My Queer Kitchen
29 min

More hands make better dumplings

Jennifer E. Crawford teams up with fellow “MasterChef Canada” alum Marissa Leon-John to make delicious pot stickers

To Chef Marissa Leon-John, nothing says comfort food better than Chinese dumplings.
To Chef Marissa Leon-John, nothing says comfort food better than Chinese dumplings. Credit: Courtesy Marissa Leon-John

“One of the first things I did when we went into lockdown was plant seeds. For cacti and succulents. Why did I plant the seeds that take two months to sprout?!”

I’m talking on Zoom with chef Marissa Leon-John in Montreal, and she’s laughing, putting a hand to her forehead. Her laugh sparkles across the internet; it’s impossible not to laugh along with her. “So everyday I’m watering dirt,” she says. “Like c’mon, c’mon! Sixty days before I got a sprout. But I got a sprout!”

It’s this tenacity—pouring effort into growth and creating joy from scratch—that makes Leon-John so good at what she does. She is a MasterChef Canada alumni (season 5), like me (season 6). Seeing Leon-John’s unapologetically queer culinary excellence on TV helped embolden me to apply to the show. Since then, she’s steadily built a successful career as a private chef in Montreal—from private dinners to catering to cheffing for Fierté Montréal Pride. To see her Instagram is to drool.

Chef Marissa Leon-John in Montreal joins Jennifer E. Crawford in their rural Nova Scotia kitchen... digitally.

I’ve switched things up a bit with today’s column. My Queer Kitchen is a place to explore food, feelings and queer identity. But I can only go so far when I fly solo—and who better to dig deeper than with other queer chefs? There’s nothing like cooking together, even if it’s only virtually.

I ask Leon-John how she’d describe the kind of food she most likes to make, and her answer is as thoughtful as her food. “That one’s tricky, but I always tell people the same thing though: Tell me what you love to eat. If you love to eat it, I will try to make you love it even more.” This answer is so good that I half-shout in joy, almost knocking my computer over, telling her: “What a perfect service-top orientation to food!”

Leon-John continues, laughing, “Yeah, that’s pretty much how it is! And that’s the joy I get out of it. Tell me what you love to eat and I will blow your mind. The joy I get is hearing people in the background, like ‘Ooh, mmm! Did you taste that?’ That’s how I win. If you can find a little bit of joy in your day, and it’s from a bite I gave you, ooooh! That’s when I get goosebumps.”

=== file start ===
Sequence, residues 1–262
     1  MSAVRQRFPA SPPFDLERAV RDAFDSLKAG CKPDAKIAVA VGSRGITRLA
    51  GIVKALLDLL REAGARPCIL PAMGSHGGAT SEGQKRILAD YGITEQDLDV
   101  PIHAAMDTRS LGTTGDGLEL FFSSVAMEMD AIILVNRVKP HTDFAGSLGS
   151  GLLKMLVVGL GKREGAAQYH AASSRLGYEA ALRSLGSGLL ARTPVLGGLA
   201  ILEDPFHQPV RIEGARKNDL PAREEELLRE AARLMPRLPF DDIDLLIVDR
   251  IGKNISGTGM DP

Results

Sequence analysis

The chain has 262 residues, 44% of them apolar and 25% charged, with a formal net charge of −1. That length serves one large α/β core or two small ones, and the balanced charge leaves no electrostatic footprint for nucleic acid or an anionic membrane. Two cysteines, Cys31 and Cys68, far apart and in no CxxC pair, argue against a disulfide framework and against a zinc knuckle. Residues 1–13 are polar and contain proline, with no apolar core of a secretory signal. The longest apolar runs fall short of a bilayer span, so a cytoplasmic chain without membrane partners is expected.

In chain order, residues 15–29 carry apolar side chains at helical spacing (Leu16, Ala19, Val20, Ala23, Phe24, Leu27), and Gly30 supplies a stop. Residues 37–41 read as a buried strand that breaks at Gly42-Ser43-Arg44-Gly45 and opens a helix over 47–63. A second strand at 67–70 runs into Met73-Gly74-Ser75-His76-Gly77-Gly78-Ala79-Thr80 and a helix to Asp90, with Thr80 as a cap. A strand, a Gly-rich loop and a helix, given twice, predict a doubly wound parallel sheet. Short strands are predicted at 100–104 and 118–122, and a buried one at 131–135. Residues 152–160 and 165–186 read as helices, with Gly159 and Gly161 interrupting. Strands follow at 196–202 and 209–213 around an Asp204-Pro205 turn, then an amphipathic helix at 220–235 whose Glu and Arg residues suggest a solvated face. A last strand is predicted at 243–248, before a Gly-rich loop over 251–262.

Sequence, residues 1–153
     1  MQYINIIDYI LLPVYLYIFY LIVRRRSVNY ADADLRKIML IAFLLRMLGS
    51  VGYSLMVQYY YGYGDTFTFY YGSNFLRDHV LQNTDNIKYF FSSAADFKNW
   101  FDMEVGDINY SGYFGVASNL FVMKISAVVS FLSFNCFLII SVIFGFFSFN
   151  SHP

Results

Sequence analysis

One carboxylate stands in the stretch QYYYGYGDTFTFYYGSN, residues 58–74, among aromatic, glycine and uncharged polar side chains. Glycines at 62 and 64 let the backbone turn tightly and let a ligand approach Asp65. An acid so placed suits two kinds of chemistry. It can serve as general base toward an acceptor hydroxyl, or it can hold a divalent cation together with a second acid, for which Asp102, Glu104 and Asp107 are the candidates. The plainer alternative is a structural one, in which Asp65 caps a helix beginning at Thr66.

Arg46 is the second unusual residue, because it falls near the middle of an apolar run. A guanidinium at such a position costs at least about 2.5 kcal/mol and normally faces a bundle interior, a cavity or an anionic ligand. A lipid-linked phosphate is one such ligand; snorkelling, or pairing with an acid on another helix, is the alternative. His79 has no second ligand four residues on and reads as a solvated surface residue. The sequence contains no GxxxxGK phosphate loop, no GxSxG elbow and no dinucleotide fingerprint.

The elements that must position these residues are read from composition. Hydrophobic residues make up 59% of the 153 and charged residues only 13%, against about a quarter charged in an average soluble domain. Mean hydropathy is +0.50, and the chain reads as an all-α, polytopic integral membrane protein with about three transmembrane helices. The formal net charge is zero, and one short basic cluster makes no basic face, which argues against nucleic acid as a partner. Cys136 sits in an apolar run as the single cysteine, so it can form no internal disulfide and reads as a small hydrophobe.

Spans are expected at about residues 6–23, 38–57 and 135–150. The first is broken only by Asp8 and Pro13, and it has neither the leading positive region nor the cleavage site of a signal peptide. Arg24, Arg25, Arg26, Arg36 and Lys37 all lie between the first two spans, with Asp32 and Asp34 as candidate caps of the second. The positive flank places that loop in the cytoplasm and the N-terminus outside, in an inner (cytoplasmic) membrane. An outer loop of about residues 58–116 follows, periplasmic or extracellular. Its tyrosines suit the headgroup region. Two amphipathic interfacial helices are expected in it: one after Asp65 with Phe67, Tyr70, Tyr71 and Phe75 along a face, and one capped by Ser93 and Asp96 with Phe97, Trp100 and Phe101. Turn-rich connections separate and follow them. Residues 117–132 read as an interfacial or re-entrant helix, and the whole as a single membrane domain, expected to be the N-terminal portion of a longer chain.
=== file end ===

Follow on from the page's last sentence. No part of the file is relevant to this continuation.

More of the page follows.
Leon-John’s main game up until a few weeks ago was creating those oohs and ahhs at private dinner parties, hosted in people’s homes.

“But in the blink of an eye, that went out the window,” she says. “And I started having people reach out to me, saying, ‘Hey, all of a sudden I’m at home. I have to cook three meals a day and snacks, and I don’t know what to do!’ And I wanted to help.”

Not wasting a minute, Leon-John launched her quarantine delivery menu. “I posted the menus on Instagram and the response was tremendous—and from queer families I don’t even know. They found me through Instagram, Facebook.

“Honestly, before this, my bread and butter was often white, middle-class, very hetero clients. And they’re great, I love them.” She furrows her brow for a quick second, and continues: “This has given me more visibility and a representation-matters type of feel. And it’s all coinciding with everything that’s happened in the last, let’s say, four weeks across North America and worldwide. Supporting Black business, and also queer Black businesses, and queer Black entrepreneurship. Up until a few weeks ago, I wasn’t seeing too many other people looking like me doing what I do.”